From Jazz to Sole—Introducing ShoeDazzle

Give a girl the correct footwear and she can conquer the world
—Bette Midler

I did not have three thousand pairs of shoes, I had one thousand and sixty
—Imelda Marcos

As entrepreneurs who experienced the first wave of the Internet, we regularly recognize ideas from the creative ferment of the late ‘90s being pitched to us in a new form by today’s entrepreneurs. The newest member of the Andreessen Horowitz family, however, is reinventing a concept pioneered by a 1920s startup—and doing so with dazzling success.  (Read yesterday’s post about old ideas made new again.)

A Jazz Age Startup

Back in 1926, an economist and advertising man named Harry Scherman and two co-founders established the Book of the Month Club.  Convinced that bookstores were not catering well to a rapidly-growing and geographically dispersed American middle class with an insatiable desire for literature, these 1920s entrepreneurs offered readers a revolutionary mail-order subscription book service.  Subscribers agreed to purchase a book recommended by the club every month, with no title costing more than three dollars.  If a customer didn’t like that month’s selection, they could swap it for an alternate title from the club’s list.

Scherman pioneered several remarkable innovations that contributed dramatically to the club’s remarkable success.  First, he built the club’s brand as a definitive arbiter of quality and taste.  The “Book of the Month” was chosen by an expert Selecting Committee made up of five famous writers and critics—the literary celebrities of the day.  Being published in a club-branded edition as a “Book of the Month Club Selection” was enough to propel a previously unknown author to mass popularity.  Second, he applied the principle of  “negative response”, in which subscribers would automatically receive a book every month unless they proactively opted out.  Finally, he tapped into consumers’ love of serendipity:  Club members would eagerly anticipate the arrival of each month’s new selection, chosen for them by the “curators” of the Selection Committee.

Scherman’s subscription book business brought millions of affordable, quality titles to a subscriber base of over half a million households by mid-century, and spawned hundreds of mail-order subscription successors throughout the twentieth-century, from Oprah’s Book Club to clubs for CDs and DVDs.   In a sign of a truly great idea, however, Scherman’s concepts are also the basis for an amazing new twenty-first century ecommerce business.

From Jazz to Sole—Introducing ShoeDazzle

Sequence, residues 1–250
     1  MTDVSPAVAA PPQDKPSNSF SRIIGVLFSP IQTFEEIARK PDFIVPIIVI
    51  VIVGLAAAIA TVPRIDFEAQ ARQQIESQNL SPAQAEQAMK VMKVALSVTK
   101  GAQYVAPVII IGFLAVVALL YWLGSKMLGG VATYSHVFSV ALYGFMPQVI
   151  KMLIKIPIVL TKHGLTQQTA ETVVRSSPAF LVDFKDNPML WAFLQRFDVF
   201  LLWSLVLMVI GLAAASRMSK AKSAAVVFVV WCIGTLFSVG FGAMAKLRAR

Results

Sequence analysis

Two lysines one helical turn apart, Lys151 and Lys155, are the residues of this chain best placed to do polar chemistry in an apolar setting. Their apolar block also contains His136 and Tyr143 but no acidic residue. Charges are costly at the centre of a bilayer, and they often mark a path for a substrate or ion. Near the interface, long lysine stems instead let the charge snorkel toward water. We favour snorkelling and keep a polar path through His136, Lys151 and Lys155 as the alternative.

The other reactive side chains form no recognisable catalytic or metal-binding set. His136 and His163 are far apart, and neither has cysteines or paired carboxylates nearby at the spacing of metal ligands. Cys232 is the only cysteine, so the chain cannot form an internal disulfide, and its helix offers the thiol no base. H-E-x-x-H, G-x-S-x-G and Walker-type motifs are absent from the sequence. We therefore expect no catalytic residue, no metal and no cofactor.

I’m proud that Andreessen Horowitz is leading a $40 million growth investment in a company that’s leveraging the Internet to reinvent the fashion business in the same way that Scherman used the postal system to reinvent the book business.  The company is ShoeDazzle, and, while the business is women’s shoes and accessories and many of the concepts are new, the parallels to the Book of the Month Club and its brilliant execution are remarkable.

Every new ShoeDazzle member (now more than 3 million strong!) first takes an engaging 3-minute “style quiz” that allows the company’s stylists to create a monthly selection of shoes and accessories personalized to her individual style profile.  She then receives an email invitation to a personal online “showroom” based on her style profile, with a new selection on the first day of every month.  She chooses her favorite item (or items) for a standard $39.95, and receives them in a beautiful package within days.   She can request an alternate selection, or skip one or more months if she chooses, so the service is highly flexible.

Like Scherman with bookstores, ShoeDazzle’s founder and CEO Brian Lee realized that traditional e-commerce sites offering women’s fashion were missing the point.

Observing the pleasure his wife took from visiting a favorite boutique to buy her latest pair of shoes, Brian and his team set out to recreate and even improve upon that deeply satisfying shopping experience on the Web:

  • They recognized that many women go shopping because they enjoy it, so they focused on making the experience fun and entertaining rather than purely functional.
  • They used the concept of personal stylists to replicate the trust that women feel when they visit their favorite store.
  • Like Scherman with his committee of famous authors and critics, Brian recognized the influence of celebrities on women’s fashion choices, enlisting Kim Kardashian as his co-founder and recruiting an ever-growing roster of additional celebrities as stylists and sponsors.
  • Like their 1920s counterparts, Brian and his team realized the appeal of serendipity and anticipation.  ShoeDazzle members await the first of the month with its new selection with the same avid excitement Book of the Month Club members must have felt as they awaited the mailman with their latest monthly title.  Unlike their Jazz Age predecessors, they can share their experience of opening the box with the whole world.